Yes, folks, this is it! The last remnants of my sanity are departing forever! Charlotte is crawling! We have mobility! (Said in the same tone as, “We have liftoff!”)
Not only is she crawling, but she loves to pull herself up to her knees while holding herself upright. She’s not pulling to a full stand yet, but just pulling herself to her knees gets her high enough to get into lots of stuff. Eek! I remember not-so-fondly the weekend that my parents asked me to dogsit, and Emily, who had been a crawler, suddenly started pulling herself to a stand. She’d get into the dog’s water bowl, I’d be dealing with that, she’d pull all the magnets off the fridge, I’d be dealing with that, she’d start pulling everything off the coffee tables and end tables and all the DVDs off the shelf and… eek! What a weekend. I needed a baby cage.
Crawling, however, is cute. Really, really cute. Especially when you enter a room, baby sees you and gives a “Squee!” and starts crawling as fast as possible (which is not very) up to you, crawls up onto your shoes and tugs at your pantlegs. So adorable.
I’m reading “The Well-Trained Mind.” It’s got some great ideas. I don’t know that I really want to do the classical method all the way, although I think it has merit, but I think I might appropriate a few ideas. Like, for some of the books a child reads, it suggests that you have the child narrate back the story to you after you finish reading (telling you what they remember). You write it down, then (if they’re old enough) have them read it back. You also have them draw a picture that goes with the book. Somebody on Sonlight also has their child write (and sometimes decorate) a page that has the title and author on it. If you put those together, after each book, they’d make a little summary of three pages, one with the title/author, one with a drawing, and one with a summary of what the story was about. What a great way to solidify memory of a book and be able to look back at it later. Also, I like the idea of the narrative, as it sounds like a good way for the parent to get an idea of what the child understood from the book.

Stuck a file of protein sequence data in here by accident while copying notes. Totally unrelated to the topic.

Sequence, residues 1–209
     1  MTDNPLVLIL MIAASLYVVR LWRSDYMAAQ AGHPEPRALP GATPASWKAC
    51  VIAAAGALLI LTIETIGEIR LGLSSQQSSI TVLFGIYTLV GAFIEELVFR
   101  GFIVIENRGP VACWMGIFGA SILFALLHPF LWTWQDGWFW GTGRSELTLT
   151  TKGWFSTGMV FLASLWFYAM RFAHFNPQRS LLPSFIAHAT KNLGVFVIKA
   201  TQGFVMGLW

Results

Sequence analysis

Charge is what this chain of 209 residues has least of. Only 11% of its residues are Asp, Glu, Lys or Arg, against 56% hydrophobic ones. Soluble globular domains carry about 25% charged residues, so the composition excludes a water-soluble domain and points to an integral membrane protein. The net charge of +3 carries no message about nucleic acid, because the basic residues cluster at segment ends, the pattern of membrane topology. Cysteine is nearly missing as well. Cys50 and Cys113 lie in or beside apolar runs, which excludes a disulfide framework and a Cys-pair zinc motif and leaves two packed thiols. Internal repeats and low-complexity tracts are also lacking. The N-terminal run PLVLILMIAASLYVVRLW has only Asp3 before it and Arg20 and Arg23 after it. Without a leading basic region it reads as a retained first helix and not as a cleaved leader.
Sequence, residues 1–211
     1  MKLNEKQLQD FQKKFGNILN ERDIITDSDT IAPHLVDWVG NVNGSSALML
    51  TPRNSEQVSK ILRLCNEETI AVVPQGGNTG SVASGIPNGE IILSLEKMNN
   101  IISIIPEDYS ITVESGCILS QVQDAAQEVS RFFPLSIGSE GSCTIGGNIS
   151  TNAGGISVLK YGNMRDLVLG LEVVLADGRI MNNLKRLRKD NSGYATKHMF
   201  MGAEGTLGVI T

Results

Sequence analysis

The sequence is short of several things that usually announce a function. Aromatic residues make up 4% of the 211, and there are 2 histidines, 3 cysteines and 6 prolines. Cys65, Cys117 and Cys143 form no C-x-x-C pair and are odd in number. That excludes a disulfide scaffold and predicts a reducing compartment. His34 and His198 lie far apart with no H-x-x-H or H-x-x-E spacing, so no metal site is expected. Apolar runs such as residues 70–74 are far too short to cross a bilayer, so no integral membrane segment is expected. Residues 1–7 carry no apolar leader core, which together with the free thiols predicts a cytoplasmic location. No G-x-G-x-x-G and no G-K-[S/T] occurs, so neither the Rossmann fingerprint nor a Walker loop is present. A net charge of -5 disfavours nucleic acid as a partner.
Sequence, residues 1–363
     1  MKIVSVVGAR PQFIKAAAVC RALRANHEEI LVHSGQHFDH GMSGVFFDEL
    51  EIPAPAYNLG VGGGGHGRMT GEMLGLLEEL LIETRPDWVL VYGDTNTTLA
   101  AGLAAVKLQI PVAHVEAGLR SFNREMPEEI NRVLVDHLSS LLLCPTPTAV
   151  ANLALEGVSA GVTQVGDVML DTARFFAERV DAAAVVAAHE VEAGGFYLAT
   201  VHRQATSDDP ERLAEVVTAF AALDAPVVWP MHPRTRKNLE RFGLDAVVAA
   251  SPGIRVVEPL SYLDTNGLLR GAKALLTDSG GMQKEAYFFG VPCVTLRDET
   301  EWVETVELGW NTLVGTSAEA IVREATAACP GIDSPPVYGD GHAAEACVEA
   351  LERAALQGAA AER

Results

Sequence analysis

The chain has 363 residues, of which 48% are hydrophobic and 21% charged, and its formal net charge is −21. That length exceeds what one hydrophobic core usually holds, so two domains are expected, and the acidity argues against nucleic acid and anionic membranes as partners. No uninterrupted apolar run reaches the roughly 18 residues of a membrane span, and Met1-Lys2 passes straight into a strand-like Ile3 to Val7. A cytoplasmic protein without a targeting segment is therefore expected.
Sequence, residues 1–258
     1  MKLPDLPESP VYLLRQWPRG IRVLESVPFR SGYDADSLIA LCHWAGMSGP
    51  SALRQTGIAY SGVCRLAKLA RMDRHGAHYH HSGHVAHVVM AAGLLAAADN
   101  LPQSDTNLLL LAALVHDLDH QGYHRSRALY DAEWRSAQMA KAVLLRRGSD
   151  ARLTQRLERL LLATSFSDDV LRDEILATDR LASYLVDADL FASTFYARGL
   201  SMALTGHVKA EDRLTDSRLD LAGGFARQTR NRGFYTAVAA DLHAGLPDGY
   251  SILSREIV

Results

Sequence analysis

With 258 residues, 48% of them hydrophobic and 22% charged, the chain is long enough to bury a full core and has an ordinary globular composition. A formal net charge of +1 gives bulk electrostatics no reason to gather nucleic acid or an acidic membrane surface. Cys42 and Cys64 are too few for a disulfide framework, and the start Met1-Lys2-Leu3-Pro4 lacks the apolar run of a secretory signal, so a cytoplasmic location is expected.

“The Well-Trained Mind” was a gift from my uncle. We ran across a book we thought he’d like, “Emancipating Slaves, Enslaving Free Men” (part of Sonlight’s high school curriculum, looked neat), and sent it to him a few months ago. A few days ago, when we arrived at my parents’ for a visit, they had “The Well-Trained Mind” as a gift he’d sent for us. 🙂 That was really neat of him. And I’m reading it a lot faster than I’d read the “Emancipating…” book, perhaps because it’s on the topic that I’m currently obsessing about (homeschool).